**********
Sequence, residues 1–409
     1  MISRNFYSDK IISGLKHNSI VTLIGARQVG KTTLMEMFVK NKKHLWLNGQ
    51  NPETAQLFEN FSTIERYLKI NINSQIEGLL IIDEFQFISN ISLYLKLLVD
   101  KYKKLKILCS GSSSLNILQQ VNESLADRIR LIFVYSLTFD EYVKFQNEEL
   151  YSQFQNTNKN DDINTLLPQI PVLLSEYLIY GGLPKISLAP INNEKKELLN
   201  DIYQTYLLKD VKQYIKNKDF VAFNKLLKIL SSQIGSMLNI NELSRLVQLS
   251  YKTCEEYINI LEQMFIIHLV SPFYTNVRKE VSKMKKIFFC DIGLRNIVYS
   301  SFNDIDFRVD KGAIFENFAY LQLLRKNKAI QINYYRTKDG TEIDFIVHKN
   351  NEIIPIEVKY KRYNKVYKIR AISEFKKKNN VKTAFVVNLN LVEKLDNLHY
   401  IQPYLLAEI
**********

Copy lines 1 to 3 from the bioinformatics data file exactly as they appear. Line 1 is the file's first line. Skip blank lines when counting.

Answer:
Sequence, residues 1–409
     1  MISRNFYSDK IISGLKHNSI VTLIGARQVG KTTLMEMFVK NKKHLWLNGQ
    51  NPETAQLFEN FSTIERYLKI NINSQIEGLL IIDEFQFISN ISLYLKLLVD